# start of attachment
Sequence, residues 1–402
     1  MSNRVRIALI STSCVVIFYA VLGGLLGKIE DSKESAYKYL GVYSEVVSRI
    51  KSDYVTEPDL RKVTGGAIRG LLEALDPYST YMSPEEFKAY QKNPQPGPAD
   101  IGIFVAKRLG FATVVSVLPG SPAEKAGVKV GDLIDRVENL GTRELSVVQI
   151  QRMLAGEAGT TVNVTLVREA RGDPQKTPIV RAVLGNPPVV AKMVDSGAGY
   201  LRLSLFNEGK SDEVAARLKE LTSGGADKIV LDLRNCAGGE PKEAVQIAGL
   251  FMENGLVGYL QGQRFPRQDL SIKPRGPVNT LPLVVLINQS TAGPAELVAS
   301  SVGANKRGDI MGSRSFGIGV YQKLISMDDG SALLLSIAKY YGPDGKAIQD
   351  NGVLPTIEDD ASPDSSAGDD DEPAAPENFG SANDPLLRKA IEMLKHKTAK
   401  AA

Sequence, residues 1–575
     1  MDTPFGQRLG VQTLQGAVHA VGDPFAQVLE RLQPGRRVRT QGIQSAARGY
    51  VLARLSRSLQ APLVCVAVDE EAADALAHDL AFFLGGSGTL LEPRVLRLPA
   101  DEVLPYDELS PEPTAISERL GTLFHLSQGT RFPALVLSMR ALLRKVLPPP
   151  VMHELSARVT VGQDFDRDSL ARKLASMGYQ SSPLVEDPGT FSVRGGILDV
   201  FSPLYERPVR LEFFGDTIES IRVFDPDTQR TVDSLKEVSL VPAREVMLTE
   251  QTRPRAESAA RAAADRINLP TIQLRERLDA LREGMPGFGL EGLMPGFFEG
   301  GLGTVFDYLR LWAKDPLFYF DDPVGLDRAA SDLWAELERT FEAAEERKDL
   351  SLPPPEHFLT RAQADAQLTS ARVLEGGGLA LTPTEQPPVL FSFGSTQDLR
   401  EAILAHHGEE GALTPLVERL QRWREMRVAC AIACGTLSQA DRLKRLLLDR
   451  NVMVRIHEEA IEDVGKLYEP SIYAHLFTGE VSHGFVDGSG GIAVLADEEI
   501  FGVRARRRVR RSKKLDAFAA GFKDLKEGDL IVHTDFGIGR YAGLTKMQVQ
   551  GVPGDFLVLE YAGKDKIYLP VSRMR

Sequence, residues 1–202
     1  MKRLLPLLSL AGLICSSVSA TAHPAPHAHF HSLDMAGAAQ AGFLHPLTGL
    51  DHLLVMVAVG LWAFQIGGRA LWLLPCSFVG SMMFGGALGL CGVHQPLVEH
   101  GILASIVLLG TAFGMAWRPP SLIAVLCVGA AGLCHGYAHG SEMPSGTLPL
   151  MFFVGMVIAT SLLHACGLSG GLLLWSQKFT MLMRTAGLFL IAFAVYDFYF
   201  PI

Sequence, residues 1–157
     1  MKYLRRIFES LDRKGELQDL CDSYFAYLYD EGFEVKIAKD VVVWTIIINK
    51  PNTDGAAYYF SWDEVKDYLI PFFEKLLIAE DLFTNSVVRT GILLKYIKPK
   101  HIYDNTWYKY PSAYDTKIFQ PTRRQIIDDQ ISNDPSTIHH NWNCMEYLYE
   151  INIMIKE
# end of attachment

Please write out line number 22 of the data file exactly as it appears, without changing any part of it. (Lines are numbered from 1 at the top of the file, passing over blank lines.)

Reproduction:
   501  FGVRARRRVR RSKKLDAFAA GFKDLKEGDL IVHTDFGIGR YAGLTKMQVQ